I could identify with the Shalits’ reluctance to be aggressive. As a Canadian, I was raised to be polite and respectful. Chutzpah was not in my lexicon. I admired Israelis’ assertiveness but couldn’t muster enough for myself. I was often treated like a freier, the ultimate Israeli sucker. I stood helpless when people pushed in front of me in line; instead of arguing for a better deal, I walked away. I didn’t yet know how to manipulate the system, how to act Israeli.

As new life grew inside me, I wondered how my disposition, like the Shalits’, would affect my motherhood. Would I be a good enough mother? Did I have the pluck to defend my children from the unimaginable? When I tried to suppress these thoughts during the day, Aviva and Gilad haunted my nights. I dreamed that Gilad came out of hiding from the neglected bomb shelter next to our apartment building. I dreamed that a pregnant Aviva sat on our balcony, waiting.

So I joined the Shalits in waiting. Where would I be when Gilad returned? Would my child arrive before or after? What if he didn’t…? I always stopped there. For Aviva’s sake, I had to be hopeful.

On Purim 2009, I was nine months pregnant. My husband and I walked around town, gleefully drinking up the atmosphere in our last carefree days before parenthood. On our way home, as always, we passed the tent.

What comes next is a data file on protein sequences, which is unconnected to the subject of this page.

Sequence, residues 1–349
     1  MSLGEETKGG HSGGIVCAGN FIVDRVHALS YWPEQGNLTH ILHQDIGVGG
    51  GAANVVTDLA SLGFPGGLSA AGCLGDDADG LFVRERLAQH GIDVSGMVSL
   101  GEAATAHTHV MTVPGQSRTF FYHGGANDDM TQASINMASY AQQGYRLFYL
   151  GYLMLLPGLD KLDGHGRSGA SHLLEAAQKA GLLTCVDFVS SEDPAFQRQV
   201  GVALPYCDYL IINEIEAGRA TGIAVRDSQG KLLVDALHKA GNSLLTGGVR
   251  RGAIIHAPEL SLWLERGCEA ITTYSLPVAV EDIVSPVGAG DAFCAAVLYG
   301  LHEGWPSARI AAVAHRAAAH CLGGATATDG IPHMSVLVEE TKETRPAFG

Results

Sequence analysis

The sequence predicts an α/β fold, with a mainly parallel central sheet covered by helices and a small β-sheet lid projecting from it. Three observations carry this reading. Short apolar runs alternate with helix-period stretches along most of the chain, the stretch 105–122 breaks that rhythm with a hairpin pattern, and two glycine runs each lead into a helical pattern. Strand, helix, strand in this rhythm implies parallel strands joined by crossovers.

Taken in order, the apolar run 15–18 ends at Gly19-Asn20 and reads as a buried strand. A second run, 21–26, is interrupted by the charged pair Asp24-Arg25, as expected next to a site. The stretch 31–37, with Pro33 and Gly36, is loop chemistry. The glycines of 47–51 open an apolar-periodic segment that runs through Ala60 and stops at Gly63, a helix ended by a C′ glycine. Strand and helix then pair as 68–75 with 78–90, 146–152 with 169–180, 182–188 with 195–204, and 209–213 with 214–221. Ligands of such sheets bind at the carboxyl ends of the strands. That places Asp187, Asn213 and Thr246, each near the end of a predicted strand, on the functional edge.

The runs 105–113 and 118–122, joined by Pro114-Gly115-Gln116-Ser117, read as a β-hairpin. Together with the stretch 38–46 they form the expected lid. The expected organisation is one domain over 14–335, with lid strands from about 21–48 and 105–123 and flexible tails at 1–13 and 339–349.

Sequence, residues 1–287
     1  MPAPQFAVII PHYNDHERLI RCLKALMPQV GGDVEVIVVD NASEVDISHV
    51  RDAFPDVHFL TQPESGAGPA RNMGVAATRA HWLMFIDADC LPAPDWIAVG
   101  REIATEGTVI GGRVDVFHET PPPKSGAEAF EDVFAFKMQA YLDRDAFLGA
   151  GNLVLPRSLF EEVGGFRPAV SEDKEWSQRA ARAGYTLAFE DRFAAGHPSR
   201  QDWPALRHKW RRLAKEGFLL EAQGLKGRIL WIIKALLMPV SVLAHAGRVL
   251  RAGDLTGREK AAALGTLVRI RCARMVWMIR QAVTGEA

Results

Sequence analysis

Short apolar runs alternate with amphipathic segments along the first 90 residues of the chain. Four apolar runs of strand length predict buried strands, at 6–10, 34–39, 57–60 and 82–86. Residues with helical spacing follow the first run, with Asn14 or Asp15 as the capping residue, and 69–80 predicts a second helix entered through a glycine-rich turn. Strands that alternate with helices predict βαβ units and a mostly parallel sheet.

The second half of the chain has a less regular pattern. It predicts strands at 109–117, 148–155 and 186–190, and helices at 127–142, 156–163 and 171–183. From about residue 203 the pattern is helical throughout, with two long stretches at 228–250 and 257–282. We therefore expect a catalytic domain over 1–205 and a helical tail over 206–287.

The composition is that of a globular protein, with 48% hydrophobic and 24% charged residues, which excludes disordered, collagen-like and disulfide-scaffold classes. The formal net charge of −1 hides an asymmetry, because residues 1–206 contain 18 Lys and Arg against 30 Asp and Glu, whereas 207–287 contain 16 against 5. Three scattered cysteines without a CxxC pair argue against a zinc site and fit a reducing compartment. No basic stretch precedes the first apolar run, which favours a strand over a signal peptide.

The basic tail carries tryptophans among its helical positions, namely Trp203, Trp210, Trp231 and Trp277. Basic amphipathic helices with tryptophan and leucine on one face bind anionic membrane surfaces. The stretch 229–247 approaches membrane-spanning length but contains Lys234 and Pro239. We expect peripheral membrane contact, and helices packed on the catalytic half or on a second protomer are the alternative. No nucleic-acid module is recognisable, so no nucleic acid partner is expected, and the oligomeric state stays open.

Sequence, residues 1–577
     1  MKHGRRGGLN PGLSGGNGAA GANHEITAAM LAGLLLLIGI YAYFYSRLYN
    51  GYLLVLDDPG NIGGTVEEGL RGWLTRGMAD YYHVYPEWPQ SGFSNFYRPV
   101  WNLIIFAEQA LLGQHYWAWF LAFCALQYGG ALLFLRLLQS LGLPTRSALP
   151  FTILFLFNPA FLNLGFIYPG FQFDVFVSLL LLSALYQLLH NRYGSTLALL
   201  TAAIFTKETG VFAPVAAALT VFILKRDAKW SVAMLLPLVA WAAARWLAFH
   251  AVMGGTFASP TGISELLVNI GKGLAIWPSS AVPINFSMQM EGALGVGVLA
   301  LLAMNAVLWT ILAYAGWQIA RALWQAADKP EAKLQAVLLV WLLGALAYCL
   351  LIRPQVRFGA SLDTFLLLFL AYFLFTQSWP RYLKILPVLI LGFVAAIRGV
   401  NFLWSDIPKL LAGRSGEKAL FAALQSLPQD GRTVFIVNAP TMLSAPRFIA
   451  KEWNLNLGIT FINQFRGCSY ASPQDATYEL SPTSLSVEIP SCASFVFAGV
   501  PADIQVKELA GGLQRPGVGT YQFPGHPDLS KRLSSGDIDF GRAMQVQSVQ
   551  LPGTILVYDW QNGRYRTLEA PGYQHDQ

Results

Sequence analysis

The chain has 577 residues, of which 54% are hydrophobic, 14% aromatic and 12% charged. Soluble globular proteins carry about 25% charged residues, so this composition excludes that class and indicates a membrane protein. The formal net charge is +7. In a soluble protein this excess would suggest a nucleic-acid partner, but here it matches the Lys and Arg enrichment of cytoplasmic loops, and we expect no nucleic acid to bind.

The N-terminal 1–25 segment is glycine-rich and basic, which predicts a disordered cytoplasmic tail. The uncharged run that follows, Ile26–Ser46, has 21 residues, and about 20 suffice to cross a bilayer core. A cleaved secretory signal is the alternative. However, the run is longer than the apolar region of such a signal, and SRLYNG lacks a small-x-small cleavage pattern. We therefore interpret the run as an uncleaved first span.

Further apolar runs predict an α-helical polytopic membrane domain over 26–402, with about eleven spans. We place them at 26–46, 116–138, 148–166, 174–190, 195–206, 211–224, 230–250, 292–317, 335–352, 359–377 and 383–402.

Amid the festivities, Aviva sat in her cloud of grief. Cowboys, queens, Spider-Men and scantily clad girls milled about, taking advantage of the permissiveness that pervaded conservative Jerusalem during the holiday. I was dressed as a chicken sitting on an egg. (Picture: chicken hat from a bar mitzvah with an orange shirt pulled up above my belly, a white shirt underneath, and a homemade nest of real branches all around.) For Aviva, the pageantry didn’t change the fact that her son was locked up somewhere, and she had no power to rescue him.

For the first time, I gathered my courage and joined the line to greet her. As I moved closer, I grew anxious. What to say? Unlike at a funeral, there were no predetermined rituals or blessings for a kidnapped son.

Aviva stared at the flimsy roof. It barely shielded her from the oppressive sun but she didn’t seem to notice. She vaguely nodded as people uttered things at her. She never smiled.

I stepped forward.

Chag sameach,” I said.

She looked at my egg/belly.


“I hope your son returns soon,” I blurted. “Before mine comes.”

She nodded and looked away.

Our son Amitai was born on the 1,000th day of Gilad’s captivity. As I recovered in the hospital, I saw a photo in the newspaper of the solemn ceremony the Shalits held at their tent.

As Amitai grew, I saw us in parallel to Aviva and Gilad, a mother and son like any other—the one difference being that I could hug mine and she couldn’t.

A few months later, in October 2009, our small family waited impatiently with the rest of the country to watch the only video of Gilad released during his captivity. Pale and gaunt, he read the date from a Palestinian newspaper and held it up to prove that the recording was recent. I photographed a chubby baby Amitai with Gilad in the background. It was my security deposit. If I captured it for our family history, maybe it would influence Gilad and Aviva’s family history.